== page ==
Working as a UX design and user-centered design (UCD) consultant across the world, it continues to surprise me that many software development organizations are still using what I call second- or third-generation prototyping tools and their associated techniques. Despite the fact that fourth-generation prototyping tools are now well established and the organizations that are in the know have gained a significant competitive advantage by using such tools, many organizations have yet to adopt them.
To help you understand the various generations of prototyping tools, I’ll first define a set of criteria for evaluating all prototyping tools, then assess each generation of prototyping tools and their associated prototyping techniques against those criteria. I’ll also describe why each generation of tools arose and why designers continue to use them. Read More
Working in an agile studio for Deloitte Digital has its UX challenges. As a Senior UX Designer, I get paid to solve problems for clients. Along the way, I facilitate that process by doing user research, sketching, creating personas, and wireframing. We do both Web and extensive native mobile design work. So, in comparison to agencies that primarily do Web work, the problems that we run into at Deloitte Digital may be amplified—because we’re dealing with more platforms, devices, interactions, and potentially, the consequent slowing of our workflows.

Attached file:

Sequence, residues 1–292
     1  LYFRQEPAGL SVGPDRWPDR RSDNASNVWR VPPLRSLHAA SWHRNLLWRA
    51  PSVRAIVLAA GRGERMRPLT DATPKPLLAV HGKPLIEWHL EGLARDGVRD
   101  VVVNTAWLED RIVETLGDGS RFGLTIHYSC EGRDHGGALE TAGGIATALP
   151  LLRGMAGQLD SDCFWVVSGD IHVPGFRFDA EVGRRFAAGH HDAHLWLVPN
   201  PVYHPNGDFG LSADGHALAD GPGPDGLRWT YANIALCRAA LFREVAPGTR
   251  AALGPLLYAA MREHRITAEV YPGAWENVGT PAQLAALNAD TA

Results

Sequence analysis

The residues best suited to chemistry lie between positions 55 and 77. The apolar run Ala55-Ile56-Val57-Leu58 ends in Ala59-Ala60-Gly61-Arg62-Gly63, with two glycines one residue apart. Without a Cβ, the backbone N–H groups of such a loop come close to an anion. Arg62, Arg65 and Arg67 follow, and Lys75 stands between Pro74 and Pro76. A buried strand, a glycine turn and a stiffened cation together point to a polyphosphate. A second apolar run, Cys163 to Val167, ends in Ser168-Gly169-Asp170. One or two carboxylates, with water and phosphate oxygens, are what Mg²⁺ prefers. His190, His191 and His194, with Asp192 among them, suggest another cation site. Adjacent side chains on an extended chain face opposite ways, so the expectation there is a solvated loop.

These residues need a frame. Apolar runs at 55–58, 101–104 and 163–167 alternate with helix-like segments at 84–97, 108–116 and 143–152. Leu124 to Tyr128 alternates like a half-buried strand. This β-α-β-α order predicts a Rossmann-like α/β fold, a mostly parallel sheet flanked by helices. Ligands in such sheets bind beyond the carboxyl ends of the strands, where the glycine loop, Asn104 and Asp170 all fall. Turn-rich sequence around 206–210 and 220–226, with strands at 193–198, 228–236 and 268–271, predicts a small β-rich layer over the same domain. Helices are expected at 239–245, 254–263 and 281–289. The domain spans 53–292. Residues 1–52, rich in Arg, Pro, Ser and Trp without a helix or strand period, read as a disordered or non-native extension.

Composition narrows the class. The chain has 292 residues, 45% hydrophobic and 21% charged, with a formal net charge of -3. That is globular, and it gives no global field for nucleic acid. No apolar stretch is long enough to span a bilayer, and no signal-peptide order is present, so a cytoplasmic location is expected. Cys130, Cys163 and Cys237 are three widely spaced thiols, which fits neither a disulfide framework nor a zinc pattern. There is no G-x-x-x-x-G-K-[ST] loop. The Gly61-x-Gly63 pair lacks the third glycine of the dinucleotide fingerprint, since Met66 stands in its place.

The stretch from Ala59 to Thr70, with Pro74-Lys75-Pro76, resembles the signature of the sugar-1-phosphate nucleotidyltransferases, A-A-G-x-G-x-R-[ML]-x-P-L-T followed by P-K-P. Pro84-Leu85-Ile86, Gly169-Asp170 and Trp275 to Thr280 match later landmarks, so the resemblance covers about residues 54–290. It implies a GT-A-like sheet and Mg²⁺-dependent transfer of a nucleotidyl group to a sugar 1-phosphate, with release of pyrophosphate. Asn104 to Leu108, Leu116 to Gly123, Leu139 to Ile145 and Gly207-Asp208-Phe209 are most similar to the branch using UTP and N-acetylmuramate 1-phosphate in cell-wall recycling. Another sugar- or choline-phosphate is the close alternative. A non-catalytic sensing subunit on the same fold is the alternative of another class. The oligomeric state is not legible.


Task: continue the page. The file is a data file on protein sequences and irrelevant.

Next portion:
Because of this, I’m always trying to make my wireframing workflow more efficient, so I can spend more time sketching, thinking about problem spaces, and getting my work out to the broader team for review, so I can iterate on my designs—especially when I’m working on multiple platforms at the same time! Boil down all these problems and needs, and you get this: Wireframe fast at the lowest fidelity possible to communicate and elicit usable feedback from stakeholders. This can be a difficult task. But as you read on, you’ll see that I’ve found some ways to create wireframes more efficiently, with some UX process and philosophy sprinkled in. Read More
I recently bought a Toyota Prius and was surprised to notice my driving behavior change to a more economical style of driving. Doing some research, I learned that I wasn’t alone in this. Much has been written about “the Prius Effect”—how the Prius and other hybrid vehicles change driving behavior by providing feedback that shows drivers how their actions affect their gas mileage. Some people view this as a positive effect, while others, who are annoyed by slow Prius drivers, view it negatively.
What causes Prius drivers to change their behavior? I believe that it’s the feedback that the Prius’s Multi-Information Display provides to drivers. This display consists of several screens, showing the current gas mileage, average gas mileage over various periods of time, and whether the gas or electric motor is currently powering the car. In this column, I’ll discuss the Prius’s information displays, in terms of the effects they have on drivers, the usefulness of the information that they provide, and the effectiveness of their design. Read More